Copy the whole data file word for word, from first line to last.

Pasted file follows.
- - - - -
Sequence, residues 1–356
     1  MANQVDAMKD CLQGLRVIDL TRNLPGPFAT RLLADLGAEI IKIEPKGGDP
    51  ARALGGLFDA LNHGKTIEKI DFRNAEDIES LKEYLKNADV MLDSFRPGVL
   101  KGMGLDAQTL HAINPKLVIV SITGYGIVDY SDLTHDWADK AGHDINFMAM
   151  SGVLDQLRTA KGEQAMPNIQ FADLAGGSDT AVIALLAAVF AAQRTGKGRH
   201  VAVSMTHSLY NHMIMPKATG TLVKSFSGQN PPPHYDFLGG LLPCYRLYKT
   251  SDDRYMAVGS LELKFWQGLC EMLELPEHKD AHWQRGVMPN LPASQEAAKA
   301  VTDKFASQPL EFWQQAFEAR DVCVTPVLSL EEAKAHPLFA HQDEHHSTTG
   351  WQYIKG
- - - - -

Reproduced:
Sequence, residues 1–356
     1  MANQVDAMKD CLQGLRVIDL TRNLPGPFAT RLLADLGAEI IKIEPKGGDP
    51  ARALGGLFDA LNHGKTIEKI DFRNAEDIES LKEYLKNADV MLDSFRPGVL
   101  KGMGLDAQTL HAINPKLVIV SITGYGIVDY SDLTHDWADK AGHDINFMAM
   151  SGVLDQLRTA KGEQAMPNIQ FADLAGGSDT AVIALLAAVF AAQRTGKGRH
   201  VAVSMTHSLY NHMIMPKATG TLVKSFSGQN PPPHYDFLGG LLPCYRLYKT
   251  SDDRYMAVGS LELKFWQGLC EMLELPEHKD AHWQRGVMPN LPASQEAAKA
   301  VTDKFASQPL EFWQQAFEAR DVCVTPVLSL EEAKAHPLFA HQDEHHSTTG
   351  WQYIKG